January 21, 2009

The missionary who now knows what he’s doing

One of the great things about staying in a place for an extended time is that you get to do things more than once. You might recall a story from last January when I spent most of a day dashing around town with a group of new high school students to ensure they were registered and ready for the first day of school. You might recall I didn’t really understand what had to be done and I didn’t even know where the school was.

Well, it is the beginning of the school year again and there are more new high school students. But now - informed by the experience last January and everything in between - I have a much, much better idea of what needs to happen, when, and why.

Yesterday I drove our six new students around town, copying the necessary records to accompany the application, getting the ID photos taken, and getting them officially signed up at school. I even used a personal connection I’ve developed over the past year to ensure they didn’t have to spend hours (literally) waiting in line to register at school. In all, it was a much smoother and enjoyable process for me than it was last year.

Remember, the reason I get involved in the education of these students is that it costs money to go to high school, about $75/year just for school fees. In addition, there are fees to get the ID photo taken and to actually submit the application. That doesn’t count the cost of the uniform or the necessary pens, paper, and so on. I have been bleeding money all week, all for legitimate reasons.

And it’s exciting. There are six new students in grade 10 (the first year of high school) with the possibility of a seventh. Here they are.
What’s great about this picture is that there are two young men in the group. This is fantastic! Last year, I despaired of my gender every time I realized there were no males from Itipini in high school. To have two is wonderful. Of the young women, I don’t think any of them have children.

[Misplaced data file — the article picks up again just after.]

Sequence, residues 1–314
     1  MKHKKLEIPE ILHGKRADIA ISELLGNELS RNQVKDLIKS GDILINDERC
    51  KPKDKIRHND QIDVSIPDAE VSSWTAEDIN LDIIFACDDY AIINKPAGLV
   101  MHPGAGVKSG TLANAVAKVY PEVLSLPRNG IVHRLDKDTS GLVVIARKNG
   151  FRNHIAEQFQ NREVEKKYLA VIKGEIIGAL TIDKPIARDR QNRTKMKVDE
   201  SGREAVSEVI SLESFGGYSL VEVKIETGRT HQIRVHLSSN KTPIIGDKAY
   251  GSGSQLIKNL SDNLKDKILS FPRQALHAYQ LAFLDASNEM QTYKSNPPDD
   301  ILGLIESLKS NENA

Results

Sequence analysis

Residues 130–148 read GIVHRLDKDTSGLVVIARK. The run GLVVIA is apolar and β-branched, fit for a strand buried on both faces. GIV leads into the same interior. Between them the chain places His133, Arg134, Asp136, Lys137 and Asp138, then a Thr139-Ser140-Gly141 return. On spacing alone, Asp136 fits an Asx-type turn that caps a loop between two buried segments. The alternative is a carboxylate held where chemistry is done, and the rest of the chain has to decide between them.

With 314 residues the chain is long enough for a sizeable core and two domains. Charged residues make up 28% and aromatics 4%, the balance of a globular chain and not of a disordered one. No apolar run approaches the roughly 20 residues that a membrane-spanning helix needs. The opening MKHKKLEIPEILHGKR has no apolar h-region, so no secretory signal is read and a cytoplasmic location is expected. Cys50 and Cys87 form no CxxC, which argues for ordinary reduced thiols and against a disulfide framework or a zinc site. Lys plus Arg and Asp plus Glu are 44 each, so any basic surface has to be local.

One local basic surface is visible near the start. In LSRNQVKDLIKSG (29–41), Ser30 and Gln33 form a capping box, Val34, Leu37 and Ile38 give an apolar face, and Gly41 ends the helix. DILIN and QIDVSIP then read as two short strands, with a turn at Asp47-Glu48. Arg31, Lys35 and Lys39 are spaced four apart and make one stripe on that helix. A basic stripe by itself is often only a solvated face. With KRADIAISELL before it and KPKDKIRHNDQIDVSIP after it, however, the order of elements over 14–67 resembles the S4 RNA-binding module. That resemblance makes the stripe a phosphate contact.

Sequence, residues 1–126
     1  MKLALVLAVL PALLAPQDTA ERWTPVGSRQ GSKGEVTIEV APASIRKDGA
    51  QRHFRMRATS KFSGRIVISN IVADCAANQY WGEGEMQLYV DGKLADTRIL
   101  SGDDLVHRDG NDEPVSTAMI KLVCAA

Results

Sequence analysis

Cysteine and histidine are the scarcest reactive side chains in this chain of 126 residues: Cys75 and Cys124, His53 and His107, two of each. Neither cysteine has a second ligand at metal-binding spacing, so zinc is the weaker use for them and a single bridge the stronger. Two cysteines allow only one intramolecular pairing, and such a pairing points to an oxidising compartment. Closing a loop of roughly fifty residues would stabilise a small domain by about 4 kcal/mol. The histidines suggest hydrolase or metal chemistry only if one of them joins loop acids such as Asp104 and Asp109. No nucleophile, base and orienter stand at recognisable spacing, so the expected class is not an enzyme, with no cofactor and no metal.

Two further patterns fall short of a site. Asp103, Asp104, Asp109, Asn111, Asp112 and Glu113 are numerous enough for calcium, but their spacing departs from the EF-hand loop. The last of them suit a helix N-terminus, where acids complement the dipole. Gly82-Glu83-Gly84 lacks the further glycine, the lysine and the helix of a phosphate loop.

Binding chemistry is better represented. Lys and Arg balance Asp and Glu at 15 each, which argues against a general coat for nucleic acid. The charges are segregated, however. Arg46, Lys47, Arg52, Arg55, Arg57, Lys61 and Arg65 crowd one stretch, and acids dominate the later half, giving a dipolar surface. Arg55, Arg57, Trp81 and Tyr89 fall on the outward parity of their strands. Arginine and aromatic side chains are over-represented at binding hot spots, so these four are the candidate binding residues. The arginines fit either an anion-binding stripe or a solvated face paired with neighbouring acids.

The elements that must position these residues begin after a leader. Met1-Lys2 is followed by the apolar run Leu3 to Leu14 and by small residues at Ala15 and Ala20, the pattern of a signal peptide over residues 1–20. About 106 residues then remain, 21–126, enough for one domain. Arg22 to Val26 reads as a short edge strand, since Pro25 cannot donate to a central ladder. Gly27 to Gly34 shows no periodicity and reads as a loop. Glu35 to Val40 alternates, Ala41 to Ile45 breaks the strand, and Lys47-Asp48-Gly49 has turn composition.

Meanwhile, there is still last year’s group of students to be concerned about. A couple who failed are dragging their feet about going back to school but the ones who passed are ready and willing to go.

My English class last year ended up attracting about five students who don’t live in Itipini but heard about the group from their friends and came along. Ziyanda was one of them.
She’s going into twelfth grade and is really smart - she did well in school and she speaks great English. She came to me yesterday and it was the first time I had seen her since last November because she had spent most of the break in her family’s rural village. The reason she wanted to talk to me is that she needed help paying school fees. While I am happy to help anyone learn English, we have to draw the line somewhere on paying school fees and that generally means we don’t pay fees for anyone not living in Itipini. Of course, in extenuating circumstances we could be a little more pliable so I asked Ziyanda why, when her family could pay the fees last year, she needed help this year.

Her circumstances definitely qualify as extenuating. Her father worked in the mines near Johannesburg and sent money home. But he was killed in a mining accident late last year and the funeral was in December. (When someone matter-of-factly tells you this story, how do you respond?) It sounds like her mother is working but there are other children in the family to support as well. I said we’d work something out. It seems fair and she is a very talented student.

Coming up next is the excursion into town to purchase new uniforms. Last year, when the students confirmed every stereotype about women and shopping, it nearly killed me. We’ll see on Friday if a year’s worth of knowledge and experience helps me endure it any more easily. Stay tuned...